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It was the trip of a lifetime: to New York and a seat at the United Nations as part of the 61st Commission on the Status of Women. Helen Speirs continues her insider's view in the second of this two-part series.
Attending the Commission on the Status of Women was at once a fascinating, formidable and sometimes frustrating experience; and one that required serious fortitude. Scheduled weekday events began at 8.30am and often ran through the day until 8.30pm.
They comprised commission sessions, side events, parallel events, expert panels, workshops and briefings. Then there were official breakfasts and networking dinners on top. It was confusing, overwhelming and only possible to attend a tiny fraction of what was on offer at any one time. (Sightseeing for me took a distinctly back seat and was squeezed into the odd free hour, evenings and weekends: although even some of these had events scheduled, too.)
There were four distinct strands to the two-week session: the commission itself (outlined last week), a comprehensive schedule of official commission side events, an NGO forum with sessions that helped explain the workings of the commission, and an equally comprehensive schedule of NGO parallel events. (There was also a two-day youth forum at the start of the commission.)
The permanent missions to the UN and UN entities (such as UN Women, Unesco, the WHO and others) hold a comprehensive programme of side events to the commission within the UN premises. These provide the opportunity to discuss the commission themes and other gender equality issues.
On the first Monday alone, there were almost 30 separate events. There were more than 200 over the course of the two weeks. The countries and organisations (including the likes of Malta, Saint Lucia, Jordan, Liechtenstein, the African Female Mayors Network, Arab Women's Organisation, the Holy See, Woomb International) were as diverse as the subjects of the presentations (gender equality the Nordic way, women in the Italian armed forces, fertility, abortion, contraception, intimate partner violence, resilience, justice, finance, trade, modern-day slavery, trafficking, sustainable peace, female genital mutilation (FGM), child marriage, refugee women, unpaid care and domestic work, work/life (im)balance, sexist hate speech, land tenure, poverty, food security, water, sanitation and hygiene).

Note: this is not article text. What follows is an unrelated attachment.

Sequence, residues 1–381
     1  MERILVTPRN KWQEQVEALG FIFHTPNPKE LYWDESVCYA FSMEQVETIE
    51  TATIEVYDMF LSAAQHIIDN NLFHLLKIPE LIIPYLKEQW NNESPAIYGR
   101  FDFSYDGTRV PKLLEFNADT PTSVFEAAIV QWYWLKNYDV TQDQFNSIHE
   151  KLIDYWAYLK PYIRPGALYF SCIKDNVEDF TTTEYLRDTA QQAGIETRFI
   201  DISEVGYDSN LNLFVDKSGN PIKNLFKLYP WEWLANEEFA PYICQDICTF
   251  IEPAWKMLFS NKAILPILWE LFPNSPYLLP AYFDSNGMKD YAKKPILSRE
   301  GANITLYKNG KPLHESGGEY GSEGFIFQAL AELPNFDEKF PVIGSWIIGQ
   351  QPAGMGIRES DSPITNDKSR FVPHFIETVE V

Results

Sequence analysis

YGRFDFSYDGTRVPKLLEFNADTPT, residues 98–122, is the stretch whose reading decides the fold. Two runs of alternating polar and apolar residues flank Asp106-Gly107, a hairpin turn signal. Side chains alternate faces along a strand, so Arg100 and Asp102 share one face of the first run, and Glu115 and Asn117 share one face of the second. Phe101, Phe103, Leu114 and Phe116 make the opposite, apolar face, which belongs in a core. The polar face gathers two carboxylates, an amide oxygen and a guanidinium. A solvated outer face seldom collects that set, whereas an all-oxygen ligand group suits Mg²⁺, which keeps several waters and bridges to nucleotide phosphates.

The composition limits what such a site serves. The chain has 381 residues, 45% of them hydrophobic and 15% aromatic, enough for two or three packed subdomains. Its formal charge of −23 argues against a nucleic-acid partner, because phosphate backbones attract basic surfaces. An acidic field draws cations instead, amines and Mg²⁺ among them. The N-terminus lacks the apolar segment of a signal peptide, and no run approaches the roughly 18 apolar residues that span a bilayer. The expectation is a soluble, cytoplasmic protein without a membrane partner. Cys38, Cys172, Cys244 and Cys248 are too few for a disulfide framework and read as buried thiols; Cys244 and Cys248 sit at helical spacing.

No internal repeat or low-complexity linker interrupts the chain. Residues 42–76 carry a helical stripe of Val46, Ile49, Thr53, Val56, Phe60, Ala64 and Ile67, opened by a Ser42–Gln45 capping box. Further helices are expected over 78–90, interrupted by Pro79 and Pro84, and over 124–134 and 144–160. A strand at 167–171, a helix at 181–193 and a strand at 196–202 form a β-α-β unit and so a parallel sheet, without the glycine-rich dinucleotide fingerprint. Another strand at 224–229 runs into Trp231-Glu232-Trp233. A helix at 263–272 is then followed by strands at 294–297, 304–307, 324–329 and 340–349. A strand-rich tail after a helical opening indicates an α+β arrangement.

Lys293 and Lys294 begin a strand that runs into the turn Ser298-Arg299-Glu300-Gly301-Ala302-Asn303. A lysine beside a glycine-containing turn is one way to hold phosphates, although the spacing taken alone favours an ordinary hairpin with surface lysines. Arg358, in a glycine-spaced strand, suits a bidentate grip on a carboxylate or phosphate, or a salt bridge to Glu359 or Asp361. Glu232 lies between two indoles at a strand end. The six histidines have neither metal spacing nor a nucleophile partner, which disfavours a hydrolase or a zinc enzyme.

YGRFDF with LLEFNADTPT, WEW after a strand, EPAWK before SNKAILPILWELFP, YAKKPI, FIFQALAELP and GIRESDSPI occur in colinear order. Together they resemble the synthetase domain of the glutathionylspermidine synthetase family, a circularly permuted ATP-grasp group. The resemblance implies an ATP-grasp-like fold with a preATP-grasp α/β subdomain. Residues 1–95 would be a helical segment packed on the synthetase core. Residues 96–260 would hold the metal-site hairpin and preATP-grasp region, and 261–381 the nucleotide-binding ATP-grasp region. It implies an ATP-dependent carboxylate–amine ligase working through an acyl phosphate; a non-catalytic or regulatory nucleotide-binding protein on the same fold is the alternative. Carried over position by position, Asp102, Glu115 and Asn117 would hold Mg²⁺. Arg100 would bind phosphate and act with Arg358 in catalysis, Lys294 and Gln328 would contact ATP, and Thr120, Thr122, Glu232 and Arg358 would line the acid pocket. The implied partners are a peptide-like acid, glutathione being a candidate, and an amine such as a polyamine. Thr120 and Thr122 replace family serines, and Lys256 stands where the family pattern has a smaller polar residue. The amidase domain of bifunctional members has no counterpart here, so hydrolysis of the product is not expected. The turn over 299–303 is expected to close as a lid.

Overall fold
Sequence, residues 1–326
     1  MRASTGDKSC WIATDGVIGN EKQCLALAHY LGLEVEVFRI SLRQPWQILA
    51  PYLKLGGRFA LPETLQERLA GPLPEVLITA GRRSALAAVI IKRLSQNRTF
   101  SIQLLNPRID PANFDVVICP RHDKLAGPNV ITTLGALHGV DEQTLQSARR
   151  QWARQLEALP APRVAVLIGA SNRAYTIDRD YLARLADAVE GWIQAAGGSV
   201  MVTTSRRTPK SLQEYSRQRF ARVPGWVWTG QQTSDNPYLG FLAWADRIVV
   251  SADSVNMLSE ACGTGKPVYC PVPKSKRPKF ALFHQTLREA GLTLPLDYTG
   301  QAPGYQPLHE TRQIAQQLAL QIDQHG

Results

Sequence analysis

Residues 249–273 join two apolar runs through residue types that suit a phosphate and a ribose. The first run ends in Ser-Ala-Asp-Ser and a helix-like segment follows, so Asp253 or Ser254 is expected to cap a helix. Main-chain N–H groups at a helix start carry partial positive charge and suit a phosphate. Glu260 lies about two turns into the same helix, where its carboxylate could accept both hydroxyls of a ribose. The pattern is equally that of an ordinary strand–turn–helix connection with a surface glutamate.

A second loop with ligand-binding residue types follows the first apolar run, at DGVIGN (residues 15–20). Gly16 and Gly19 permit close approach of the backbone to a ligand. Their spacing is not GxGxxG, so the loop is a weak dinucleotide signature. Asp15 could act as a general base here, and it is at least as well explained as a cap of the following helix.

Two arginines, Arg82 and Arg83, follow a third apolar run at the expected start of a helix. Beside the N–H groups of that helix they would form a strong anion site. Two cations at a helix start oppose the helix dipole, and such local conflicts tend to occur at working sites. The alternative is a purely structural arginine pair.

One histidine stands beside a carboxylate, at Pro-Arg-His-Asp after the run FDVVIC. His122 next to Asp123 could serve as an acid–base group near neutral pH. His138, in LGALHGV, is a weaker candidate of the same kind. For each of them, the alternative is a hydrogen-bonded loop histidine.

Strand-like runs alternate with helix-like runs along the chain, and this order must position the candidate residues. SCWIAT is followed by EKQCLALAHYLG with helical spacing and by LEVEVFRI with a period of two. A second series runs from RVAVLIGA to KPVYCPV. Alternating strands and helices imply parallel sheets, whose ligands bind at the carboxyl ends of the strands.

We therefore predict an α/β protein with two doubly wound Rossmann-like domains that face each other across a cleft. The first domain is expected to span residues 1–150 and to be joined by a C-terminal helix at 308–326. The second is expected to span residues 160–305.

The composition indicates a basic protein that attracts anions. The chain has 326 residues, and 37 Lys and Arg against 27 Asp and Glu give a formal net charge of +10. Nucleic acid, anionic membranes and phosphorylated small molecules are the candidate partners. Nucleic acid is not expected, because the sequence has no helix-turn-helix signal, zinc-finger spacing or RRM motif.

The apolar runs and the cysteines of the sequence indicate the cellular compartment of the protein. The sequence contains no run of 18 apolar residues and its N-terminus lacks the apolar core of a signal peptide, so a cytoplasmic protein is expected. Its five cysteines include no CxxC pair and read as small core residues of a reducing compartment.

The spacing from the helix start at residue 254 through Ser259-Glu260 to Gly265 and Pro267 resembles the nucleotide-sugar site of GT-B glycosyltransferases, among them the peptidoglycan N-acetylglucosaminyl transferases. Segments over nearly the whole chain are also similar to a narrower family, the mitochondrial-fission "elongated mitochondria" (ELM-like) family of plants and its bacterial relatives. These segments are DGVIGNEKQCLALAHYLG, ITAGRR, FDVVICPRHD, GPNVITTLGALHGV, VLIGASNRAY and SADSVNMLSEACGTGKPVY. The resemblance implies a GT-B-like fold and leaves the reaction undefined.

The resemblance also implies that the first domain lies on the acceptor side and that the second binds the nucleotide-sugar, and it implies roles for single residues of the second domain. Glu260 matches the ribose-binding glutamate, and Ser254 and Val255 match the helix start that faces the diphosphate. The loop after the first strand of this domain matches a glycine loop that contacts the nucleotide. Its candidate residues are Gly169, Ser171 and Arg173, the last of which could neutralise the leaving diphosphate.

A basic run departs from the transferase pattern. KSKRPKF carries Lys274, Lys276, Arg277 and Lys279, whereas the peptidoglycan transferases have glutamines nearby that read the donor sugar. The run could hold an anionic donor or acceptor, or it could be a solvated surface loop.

New Zealand co-sponsored sessions on indigenous women's economic empowerment, and the role of national human rights institutions in promoting and protecting women's economic participation in the changing world of work.
At the side events, various key global strategies were launched, including the European Union's year of focused actions to combat violence against women and girls, a global award for women, a million girls in Stem (science, technology, engineering and maths) campaign, a global platform on gender equality and religion, and an "equal pay platform of champions'' with a "stop the robbery'' message that the global pay gap effectively robs women of 23% of their pay.
The NGO Committee on the Status of Women promotes women's rights and monitors events at the UN on a daily basis throughout the year.
It holds a two-week forum that runs simultaneously with, and acts as something of a bridge to, the commission.
There are orientation, training and information-sharing events designed to explain the workings of the commission, the role of NGO delegates and the progress of the negotiations. There were regional caucuses (which examined issues affecting women at a regional level), advocacy training sessions and dinners (where delegates could network, share strategies, plan how best to lobby governments, and work on joint statements or wording for the Agreed Conclusions of the commission) and daily morning briefings (which reported on the previous day's negotiations of the commission, before the commission started for the next day). Most of these took place at the Church Centre for the United Nations opposite the UN.
NGO PARALLEL EVENTS
The forum also contained a range of relevant parallel events run by NGOs and faith-based organisations from around the world. These were every bit as diverse as the commission side events, numbering well in excess of 200 over the two weeks. At any one time there were up to 10 events, panels or workshops from which to choose.
Events were spread between the church centre and several other venues 10-15 minutes' walk away. The need to be strategic when selecting sessions quickly became obvious. Still, we literally ran ourselves ragged darting between sessions and sites (in addition to the commission and side events at the UN).
The parallel events were fascinating. They could feature high-flying chief executives and businesswomen, human rights lawyers, health professionals or activists working at a grassroots level in some of the most deprived or war-torn communities. Many of the sessions were in small groups where participation and information and experience-sharing was encouraged and supported.